Anuga FoodTec 2012

Today the 27th of March the Anuga FoodTec in Cologne, Germany, opened its doors. Scheduled from March 27 to March 30, the Anuga FoodTec offers international food manufacturing companies an opportunity to view the latest technologies dedicated to food and beverage processing, packaging and food safety. The event also includes specialist forums and conference sessions.

Compared to the previous event more than 50% of the 1,300 exhibitors are from outside Germany, including Italy, the Netherlands, Denmark, France, Great Britain, Sweden, Spain, Austria, Turkey and the USA.

The international trade fair for food and drink technology is promoted as: A meeting point for decision-makers. A place for visionaries. A location for specialists. From 27th to 30th March 2012, everything will revolve around the subject of innovations.

Aerial view of the Cologne exhibition centre

Although primarily a food technology exhibition, the Anuga always has been, in my experience anyway, the perfect place to discover novelties and innovations in packaging technology. Not the graphics, not the pure design, neither the printing nor marketing tricks, but solely the technology of packaging.
Despite the continuous enhancement over a period of more than 100 years that packaging technology has been around, there is still a healthy flow of new developments and innovations.

TetraPak at the Anuga FoodTec 2012

Without doubt top trends this year, among others, are the technologies to conserve resources and the use of renewable materials, as still a number of unresolved issues screams for a solution.

Take the question of packaging made of renewable materials, for example. PLA and PET made of plant materials are a hot topic right now, since they have a much smaller carbon footprint than plastics based on oil.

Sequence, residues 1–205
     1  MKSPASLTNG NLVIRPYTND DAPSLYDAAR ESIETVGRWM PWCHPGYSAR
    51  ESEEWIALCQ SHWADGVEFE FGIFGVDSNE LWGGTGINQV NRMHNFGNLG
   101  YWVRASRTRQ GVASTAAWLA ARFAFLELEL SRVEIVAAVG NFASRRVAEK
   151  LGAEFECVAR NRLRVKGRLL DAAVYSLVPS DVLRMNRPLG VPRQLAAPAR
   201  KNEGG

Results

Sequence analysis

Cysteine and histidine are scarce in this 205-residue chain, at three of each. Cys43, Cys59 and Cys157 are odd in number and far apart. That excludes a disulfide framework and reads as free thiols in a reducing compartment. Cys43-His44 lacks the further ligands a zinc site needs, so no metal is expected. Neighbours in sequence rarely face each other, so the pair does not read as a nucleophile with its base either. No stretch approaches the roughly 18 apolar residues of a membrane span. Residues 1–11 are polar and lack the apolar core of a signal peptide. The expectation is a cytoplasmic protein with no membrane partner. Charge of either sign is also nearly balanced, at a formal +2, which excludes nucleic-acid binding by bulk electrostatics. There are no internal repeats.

Coca-Cola and Heinz PlantBottles

Yet (correctly) there is criticism that the crops used for this purpose are cultivated on land that would otherwise serve for growing food. There are several conceivable solutions to this problem. For example, waste matter or biomass might be used as a raw material. Alternatively, efforts could be made to meet the growing call for closed-loop recycling, whereby, for example, a yoghurt carton made of bioplastic is recycled to produce food packaging of an equal quality (cradle-to-cradle), rather than being incinerated to generate energy or turned into a recycled product of a lower grade.
At present, the production of “green” PET still relies on either molasses from the sugar industry or sugarcane juice – as in Coca-Cola’s PlantBottle packaging.

Research is still under way to ascertain whether by-products from agriculture and forestry, such as wood chippings, maize straw and wheat straw, might also be used. The presence of plant materials in PET bottles does not alter their chemical composition. PET = Pet. Consequently, there is no requirement for a separate recycling process here, either.

There is another hot item, which will be gathering a lot of attention this year. In the 1980s, without the internet, without globalisation the way we know it, the accepted view was that packaging was undesirable and should be avoided as much as possible.

Today, however, we are aware that over one-third of the food produced worldwide perishes before it ever reaches the consumer. In view of such statistics, it is easy to see what role packaging might play. This “worldview” recognises the vital role packaging technology plays, but we also recognise that it should be as economical, green and efficient as possible. That conditions, never thought of in the 1980s, keep the flow of innovations coming.

I will visit several exhibition stands in my search for novelties and innovations. Small and large. I will report about my findings in the next few days.

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